Following Alibaba

Bittner thinks the industry’s biggest challenge lies not in growing merchandise volumes – “we see everyone growing nicely at some point” – but in addressing the region’s overall logistics issues.

“We see logistics as a massive bottleneck […] It’s important that as the market matures, you have a dependable system,” Bittner explained.

In Indonesia, Lazada’s former country boss Magnus Ekbom previously lamented that third-party logistics providers couldn’t keep up with Lazada’s growth. “Indonesia is pretty much running out of logistics capacity,” he said.

The company has relied on logistics companies for its deliveries into customers’ hands – from Ninjavan in Singapore to Go-Jek in Indonesia. In order to better cope with demand, it began investing heavily in its own delivery network. In Indonesia, Lazada now handles the bulk of those deliveries itself.

This investment in infrastructure is something that Alibaba – known for its asset-light Taobao and Tmall marketplaces – has fully embraced.

In September, Alibaba’s logistics unit, Cainiao, pledged to spend US$15 billion over five years to build out a global logistics network. Alibaba is also venturing into new types of retail. Much like Amazon, it’s begun selling groceries online, setting up cold-storage distribution centers across China. It’s also moving into offline retail, investing in electronics and department stores. It’s opened a supermarket chain called Hema, which allows customers to shop, dine, and order groceries for delivery from their mobile phones.

“I think when you are young, tiny, a light model is good. When you are strong, big – think about it – you need heavy things,” Alibaba founder and billionaire Jack Ma said recently. “There is no heavy is good, or light is good. A mix is good. To be efficient, you need to connect light and heavy models together. But with Alibaba’s size today, you should not leave the heavy model to others, it’s something you have to do […] you have to invest.”

Photo credit: Lazada.

A formidable backer

Aside from Shopee, Lazada is competing with the likes of Bukalapak, JD, Qoo10, and new entrant Amazon across Southeast Asia. Another rival, Tokopedia, has recently sold a stake to Alibaba.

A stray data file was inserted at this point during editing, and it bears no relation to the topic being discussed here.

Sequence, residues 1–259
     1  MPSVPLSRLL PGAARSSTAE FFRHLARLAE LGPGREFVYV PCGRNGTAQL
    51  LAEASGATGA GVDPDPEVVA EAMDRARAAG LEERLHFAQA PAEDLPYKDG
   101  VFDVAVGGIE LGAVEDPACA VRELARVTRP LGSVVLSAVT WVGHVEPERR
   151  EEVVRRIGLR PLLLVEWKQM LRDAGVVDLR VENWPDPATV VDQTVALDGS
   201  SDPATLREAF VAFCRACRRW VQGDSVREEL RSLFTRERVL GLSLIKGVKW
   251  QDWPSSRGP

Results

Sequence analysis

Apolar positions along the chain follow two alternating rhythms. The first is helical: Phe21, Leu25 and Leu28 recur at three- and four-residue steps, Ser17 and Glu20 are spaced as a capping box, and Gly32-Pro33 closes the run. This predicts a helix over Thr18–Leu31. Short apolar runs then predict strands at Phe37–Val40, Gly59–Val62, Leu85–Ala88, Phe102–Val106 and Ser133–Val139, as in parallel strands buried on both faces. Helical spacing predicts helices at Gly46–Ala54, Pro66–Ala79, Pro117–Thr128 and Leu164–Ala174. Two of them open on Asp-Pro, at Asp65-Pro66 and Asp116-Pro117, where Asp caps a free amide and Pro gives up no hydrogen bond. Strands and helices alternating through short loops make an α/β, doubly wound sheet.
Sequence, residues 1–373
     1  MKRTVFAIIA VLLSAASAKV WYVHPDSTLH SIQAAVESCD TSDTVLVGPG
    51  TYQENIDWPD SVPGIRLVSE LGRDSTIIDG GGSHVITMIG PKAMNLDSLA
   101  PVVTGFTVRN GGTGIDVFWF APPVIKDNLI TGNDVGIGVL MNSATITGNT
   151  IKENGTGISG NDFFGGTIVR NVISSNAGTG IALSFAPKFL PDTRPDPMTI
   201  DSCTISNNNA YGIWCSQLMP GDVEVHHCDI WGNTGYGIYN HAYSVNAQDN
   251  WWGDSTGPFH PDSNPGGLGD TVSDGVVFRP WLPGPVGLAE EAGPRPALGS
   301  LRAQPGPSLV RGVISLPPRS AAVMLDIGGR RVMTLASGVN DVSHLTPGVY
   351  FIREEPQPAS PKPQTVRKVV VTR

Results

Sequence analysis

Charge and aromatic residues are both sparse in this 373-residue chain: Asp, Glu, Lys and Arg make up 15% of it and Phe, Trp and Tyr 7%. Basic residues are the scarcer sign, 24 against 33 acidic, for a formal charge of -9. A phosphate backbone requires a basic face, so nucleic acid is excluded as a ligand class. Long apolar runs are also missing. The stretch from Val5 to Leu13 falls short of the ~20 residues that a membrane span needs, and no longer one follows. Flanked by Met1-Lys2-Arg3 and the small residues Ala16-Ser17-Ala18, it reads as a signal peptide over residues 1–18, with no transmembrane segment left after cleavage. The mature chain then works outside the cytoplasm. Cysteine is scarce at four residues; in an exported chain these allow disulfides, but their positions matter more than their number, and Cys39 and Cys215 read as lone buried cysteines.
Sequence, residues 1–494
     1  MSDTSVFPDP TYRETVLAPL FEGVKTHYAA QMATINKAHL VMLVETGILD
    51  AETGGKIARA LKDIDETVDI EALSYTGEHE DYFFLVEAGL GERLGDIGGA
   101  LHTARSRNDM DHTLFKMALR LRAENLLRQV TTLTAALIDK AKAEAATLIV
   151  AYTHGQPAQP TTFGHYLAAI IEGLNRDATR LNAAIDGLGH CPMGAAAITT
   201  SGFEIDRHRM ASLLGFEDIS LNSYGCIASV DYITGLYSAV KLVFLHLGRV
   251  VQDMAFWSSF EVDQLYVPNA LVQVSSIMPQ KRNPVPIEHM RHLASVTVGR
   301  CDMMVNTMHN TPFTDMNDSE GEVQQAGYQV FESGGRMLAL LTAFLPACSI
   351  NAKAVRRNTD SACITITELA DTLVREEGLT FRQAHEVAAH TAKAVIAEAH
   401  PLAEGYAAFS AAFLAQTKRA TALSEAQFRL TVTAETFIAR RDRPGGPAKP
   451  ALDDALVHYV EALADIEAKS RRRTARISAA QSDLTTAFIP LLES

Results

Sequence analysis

Asked how he thinks the competition will evolve, Bittner said “to be honest, I don’t know.”

What’s certain is that “Alibaba [is] here to stay. We’re here to stay. [We’ll focus] on what distinguishes us and we’ll match whatever we can match.”

Lazada is taking stock of many lessons from Alibaba’s playbook.

The duo is working closely to make use of big data to match consumers with the right products, as well as technologies to prevent fraudulent sales on their sites.

“We’re the only platform in the region which actually limits the amount of orders you can do per item. So on Lazada, you can’t just order one item 20 times in one order, you have to come back and order again. That’s how our systems keep track if this is fraudulent behavior,” explained Bittner. “Alibaba has a huge amount of experience in avoiding this kind of behavior.”

The Lazada CEO is also weighing up the possibility of opening a mall in Indonesia, taking cue from Alibaba’s move into supermarkets.

“We’ve got the firepower we need and we have the backing of one of the most profitable companies ever, we’ll do whatever it takes and really win as much as you can,” Bittner concluded.

This is part of the coverage of Tech in Asia Jakarta 2017, our conference that took place November 1 and 2.

This post Lazada CEO: The secret sauce that will help us win Southeast Asia appeared first on Tech in Asia.